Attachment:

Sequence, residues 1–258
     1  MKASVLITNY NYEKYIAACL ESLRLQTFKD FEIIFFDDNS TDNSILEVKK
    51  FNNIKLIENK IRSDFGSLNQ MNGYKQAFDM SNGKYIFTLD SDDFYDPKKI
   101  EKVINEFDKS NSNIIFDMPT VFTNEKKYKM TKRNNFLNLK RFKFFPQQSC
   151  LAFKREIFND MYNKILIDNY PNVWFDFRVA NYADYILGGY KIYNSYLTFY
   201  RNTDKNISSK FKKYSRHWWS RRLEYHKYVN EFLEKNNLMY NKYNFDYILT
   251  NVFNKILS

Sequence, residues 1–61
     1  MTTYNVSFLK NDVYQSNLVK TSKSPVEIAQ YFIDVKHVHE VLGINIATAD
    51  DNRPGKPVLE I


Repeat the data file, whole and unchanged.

Sequence, residues 1–258
     1  MKASVLITNY NYEKYIAACL ESLRLQTFKD FEIIFFDDNS TDNSILEVKK
    51  FNNIKLIENK IRSDFGSLNQ MNGYKQAFDM SNGKYIFTLD SDDFYDPKKI
   101  EKVINEFDKS NSNIIFDMPT VFTNEKKYKM TKRNNFLNLK RFKFFPQQSC
   151  LAFKREIFND MYNKILIDNY PNVWFDFRVA NYADYILGGY KIYNSYLTFY
   201  RNTDKNISSK FKKYSRHWWS RRLEYHKYVN EFLEKNNLMY NKYNFDYILT
   251  NVFNKILS

Sequence, residues 1–61
     1  MTTYNVSFLK NDVYQSNLVK TSKSPVEIAQ YFIDVKHVHE VLGINIATAD
    51  DNRPGKPVLE I